Follow the leader
PEORIA, Ariz. – Eddie Guardado knows all the tricks. One minute, he’ll be dumping baby powder over an unsuspecting rookie and laughing at the sight. The next, he’ll be serious with the kid, teaching him how to be a big leaguer. Whether it’s through trickery or teaching, Guardado feels a responsibility to be a leader on the Seattle Mariners.
“You can have different types of leaders,” Guardado said. “They can be vocal and they can be quiet and lead by example. I’m a little vocal, but I try to lead by example, too.”
Mariners manager Mike Hargrove, who in six weeks of spring training has instilled his demand of discipline and hard work, said a team needs a few veteran players to mentor the others.
“You make your expectations known to the players, but they have to make their expectations known to each other,” Hargrove said. “In any good situation, the players police themselves. I think we have that here.”
Hargrove likes the presence Jamie Moyer has in the clubhouse, and he said new third baseman Adrian Beltre is showing leadership qualities in a quiet way with his hard work on and off the field. Then there’s Bret Boone.
“Boonie’s the type of guy who likes to bust people’s chops,” Hargrove said. “But he’s done it in the right way. It hasn’t been in a negative context.”
Without naming names, Hargrove said he spoke with some of his veterans early in spring training to urge them to step up in the clubhouse.
“There are some personalities you can go up to and say, ‘I want you to do this,’ ” Hargrove said. “Coming into camp, I wanted to empower people to be able to do that. But I don’t think it’s something you cram down their throats.”
Guardado said he learned the value of clubhouse leadership through those who mentored him when he was a young player with Minnesota.
“I had Kirby Puckett, Rick Aguilera, Kent Hrbek and Dave Winfield,” Guardado said. “I was taught by some good guys.”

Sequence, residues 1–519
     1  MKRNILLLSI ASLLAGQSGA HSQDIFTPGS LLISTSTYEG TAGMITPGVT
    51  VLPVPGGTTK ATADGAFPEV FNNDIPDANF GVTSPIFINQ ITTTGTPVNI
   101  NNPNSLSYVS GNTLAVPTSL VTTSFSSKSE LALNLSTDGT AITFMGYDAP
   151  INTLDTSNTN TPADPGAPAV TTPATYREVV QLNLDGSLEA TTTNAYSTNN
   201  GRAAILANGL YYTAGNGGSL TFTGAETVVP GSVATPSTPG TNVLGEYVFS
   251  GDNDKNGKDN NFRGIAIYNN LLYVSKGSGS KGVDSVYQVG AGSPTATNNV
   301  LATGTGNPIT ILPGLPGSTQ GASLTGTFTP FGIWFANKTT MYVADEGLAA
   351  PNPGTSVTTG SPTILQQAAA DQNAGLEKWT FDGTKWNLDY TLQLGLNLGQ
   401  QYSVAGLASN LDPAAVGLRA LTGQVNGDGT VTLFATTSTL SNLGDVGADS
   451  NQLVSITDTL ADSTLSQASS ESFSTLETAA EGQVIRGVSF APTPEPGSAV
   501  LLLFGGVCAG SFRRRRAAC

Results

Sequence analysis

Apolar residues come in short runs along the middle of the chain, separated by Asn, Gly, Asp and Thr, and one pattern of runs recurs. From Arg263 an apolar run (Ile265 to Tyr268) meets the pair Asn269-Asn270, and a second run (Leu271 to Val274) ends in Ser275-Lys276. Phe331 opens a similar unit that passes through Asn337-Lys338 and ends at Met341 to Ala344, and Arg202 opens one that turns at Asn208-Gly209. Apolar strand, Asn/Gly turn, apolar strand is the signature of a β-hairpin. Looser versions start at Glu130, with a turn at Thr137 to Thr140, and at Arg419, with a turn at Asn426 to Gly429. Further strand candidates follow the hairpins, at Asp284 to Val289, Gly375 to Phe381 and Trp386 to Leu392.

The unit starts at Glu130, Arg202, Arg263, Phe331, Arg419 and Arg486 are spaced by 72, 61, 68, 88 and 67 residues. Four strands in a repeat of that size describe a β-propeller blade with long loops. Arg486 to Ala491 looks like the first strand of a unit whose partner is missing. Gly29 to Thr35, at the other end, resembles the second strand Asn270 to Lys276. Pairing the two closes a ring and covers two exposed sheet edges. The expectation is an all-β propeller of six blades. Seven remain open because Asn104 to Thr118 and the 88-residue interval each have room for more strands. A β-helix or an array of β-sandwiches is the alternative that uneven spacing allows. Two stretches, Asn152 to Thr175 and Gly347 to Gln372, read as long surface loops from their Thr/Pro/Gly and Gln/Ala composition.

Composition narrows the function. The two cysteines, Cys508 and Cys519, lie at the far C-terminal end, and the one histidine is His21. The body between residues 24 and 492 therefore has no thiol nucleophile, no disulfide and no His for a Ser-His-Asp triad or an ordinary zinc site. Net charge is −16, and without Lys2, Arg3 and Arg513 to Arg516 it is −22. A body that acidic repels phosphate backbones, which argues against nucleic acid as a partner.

He learned lessons from all, but Puckett and Aguilera were special.
“Rick really took me under his wing when I first moved into the bullpen, and he showed me how to prepare every day, on the field and off the field,” Guardado said. “He taught me that when you come to the clubhouse as a rookie, you keep quiet, respect the older guys and stay out of their way.
“Puckett taught me to have fun and keep a smile on my face, that we’re very lucky to put this uniform on every day. I took that to heart. That’s what I try to show these guys around here.”
Guardado does that in a variety of ways, most of the time with humor.
He went through a lot of baby power at spring training, often sidling up to an unsuspecting teammate for “How ya doin’, bro,” and a pat on the head, back, shoulder, rump, anywhere he could leave an imprint of white residue.
Guardado isn’t all giggles and pranks. He said there’s a time to clown and a time to take a kid aside and have a serious talk.
“If I have something on my mind, I’m going to say it,” he said. “I don’t want to jump on somebody’s butt, but if you have to, sometimes you have to. If you don’t do it in the right way, they might take offense at that.”
That’s exactly what Hargrove wants in his veterans.
“I’ve been with a lot of clubs, good ones and bad ones, and on the good ones the players police themselves,” Hargrove said. “I can sit here and tell somebody something 15 times and they just don’t quite get it. And another player can do the same thing to him once and they get it. I don’t have a problem with that.”